Bodyguard Blogs new ongoing feature on Etiquette & Protocol. Like any other profession, image is important in our business and first impressions are lasting ones. Knowing how to shoot is great, but if you can not get a second interview with an employer, all those great skills might go to waste. To assist, we’ve once again enlisted the services of writer and etiquette coach, Susanne Dancer.
Q: As an American, I’ve learned some gestures that are totally acceptable in the US mean quite different (and sometimes offensive) things in other part of the world. Can you share some examples for others in my profession so they won’t make the mistakes I have? – Joseph W., Certified Protection Agent
A: Joseph, you’ve asked a great question about how tricky some gestures can be. Now let me first start out by saying that there are some gestures which are seen to be universally offensive all around the world, however I’m sure most Close Protection Agents don’t use them anyway (smile). With that said, there are some gestures, for example winking, which we take for granted but are seen to be offensive in other cultures.
Spending any time on a Detail in Africa? Avoid taking or passing anything with your left hand. Objects are to be handled or passed with the right or both hands, but never the left hand, as this is considered the unclean hand (the hand used for personal hygiene). Do not eat, shake hands, gesture “hello” or give someone something with your left hand as it is seen as something used to do dirty things. It is this belief that informs the African proverb, “You do not use the left hand to point the way to your father’s village”, which means: learn to appreciate and admire what you have.
Among Islamic cultures, and other societies which traditionally sit on the floor, it is improper to allow the sole of your foot to point at another person. They consider that as the bottom of the shoe touches the ground, it is considered to be one of the dirtiest part of the body. If you find yourself in this setting, sit with your feet flat on the floor, showing the soles of your shoe to anyone as it is considered by some to be rude. Remember when the reporter threw his shoe at Former US President George Bush? He wasn’t trying to necessary harm him, he was trying to insult him.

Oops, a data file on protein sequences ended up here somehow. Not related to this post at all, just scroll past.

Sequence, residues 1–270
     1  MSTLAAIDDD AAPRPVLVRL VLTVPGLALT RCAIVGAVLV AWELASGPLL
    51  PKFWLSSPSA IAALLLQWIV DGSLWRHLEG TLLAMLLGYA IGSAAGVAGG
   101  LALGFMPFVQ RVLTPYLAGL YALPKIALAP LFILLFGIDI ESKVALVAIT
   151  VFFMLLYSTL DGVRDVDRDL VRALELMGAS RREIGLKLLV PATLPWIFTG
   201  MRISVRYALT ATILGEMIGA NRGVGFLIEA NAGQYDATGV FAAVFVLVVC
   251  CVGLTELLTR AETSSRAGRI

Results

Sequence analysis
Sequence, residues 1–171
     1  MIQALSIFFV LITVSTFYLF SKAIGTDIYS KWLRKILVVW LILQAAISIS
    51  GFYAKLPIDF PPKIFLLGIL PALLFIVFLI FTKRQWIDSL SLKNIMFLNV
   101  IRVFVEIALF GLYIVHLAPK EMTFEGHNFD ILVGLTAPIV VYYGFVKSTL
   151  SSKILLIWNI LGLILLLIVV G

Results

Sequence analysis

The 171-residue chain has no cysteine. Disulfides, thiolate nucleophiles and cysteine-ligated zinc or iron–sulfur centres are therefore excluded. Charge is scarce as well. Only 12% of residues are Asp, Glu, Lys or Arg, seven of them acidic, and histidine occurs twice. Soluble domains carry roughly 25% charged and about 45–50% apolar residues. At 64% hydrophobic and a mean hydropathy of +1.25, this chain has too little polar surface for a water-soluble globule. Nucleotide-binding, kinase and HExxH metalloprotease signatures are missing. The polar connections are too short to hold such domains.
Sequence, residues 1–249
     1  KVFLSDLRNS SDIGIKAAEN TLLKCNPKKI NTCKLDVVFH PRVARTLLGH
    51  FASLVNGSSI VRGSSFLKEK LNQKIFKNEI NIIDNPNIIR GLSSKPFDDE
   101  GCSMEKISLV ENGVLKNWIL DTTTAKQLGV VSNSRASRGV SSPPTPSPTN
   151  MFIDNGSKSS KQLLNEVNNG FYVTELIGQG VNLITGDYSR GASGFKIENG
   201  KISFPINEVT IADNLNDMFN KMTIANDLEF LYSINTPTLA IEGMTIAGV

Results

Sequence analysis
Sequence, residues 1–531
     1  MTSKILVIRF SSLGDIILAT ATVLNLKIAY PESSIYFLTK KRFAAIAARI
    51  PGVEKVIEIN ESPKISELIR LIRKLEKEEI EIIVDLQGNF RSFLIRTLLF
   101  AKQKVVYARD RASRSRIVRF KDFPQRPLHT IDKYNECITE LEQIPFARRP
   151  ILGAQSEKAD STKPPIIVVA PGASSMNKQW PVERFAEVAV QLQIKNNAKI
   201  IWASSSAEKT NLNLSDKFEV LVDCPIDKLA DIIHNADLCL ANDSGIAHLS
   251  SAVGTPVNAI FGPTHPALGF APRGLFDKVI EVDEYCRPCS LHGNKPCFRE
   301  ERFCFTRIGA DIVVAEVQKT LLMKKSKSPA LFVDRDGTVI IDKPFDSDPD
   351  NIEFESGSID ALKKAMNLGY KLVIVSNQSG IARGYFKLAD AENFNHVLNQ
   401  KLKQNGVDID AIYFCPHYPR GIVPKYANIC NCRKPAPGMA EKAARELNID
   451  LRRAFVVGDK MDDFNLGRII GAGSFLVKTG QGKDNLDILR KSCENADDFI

Throughout West Africa, the thumb lying on the index finger of a vertical fist with arm extended is equivalent to the American “middle finger”; insult is emphasised by motioning the thumb up (like “thumbs-up”) and down repeatedly.
When in China the following Western gestures that are taboo include pointing the index finger–use the open hand instead; using the index finger to call someone-use the hand with fingers motioning downward as in waving; finger snapping; showing the soles of shoes and whistling is considered rude.
Juanita Ecker of Professional Image Management has written a short guide to hand gestures which can be found athttp://www.professionalimagemgt.com/business-etiquette-articles/gestures-are-not-universal.cfm and is extremely useful with some of the more common gestures most Americans can use in everyday life.
The following website has an excellent guide for countries all around the world http://www.vayama.co.th/etiquette/forum/egypt-etiquette-discussion/body-gestures-in-egypt/
Previously: The Bodyguard Wardrobe
Susanne Dancer is a former butler and administrator who has trained with the Guild of Professional English Butlers. Her work in Etiquette has taken her from Brisbane to London with an emphasis on International Protocol. She is regularly consulted as an expert in her field on subjects such as how to dress appropriately while working with High Net Worth individuals, and the delicate subject of table manners.
Have an etiquette question for Susan? Ask it HERE.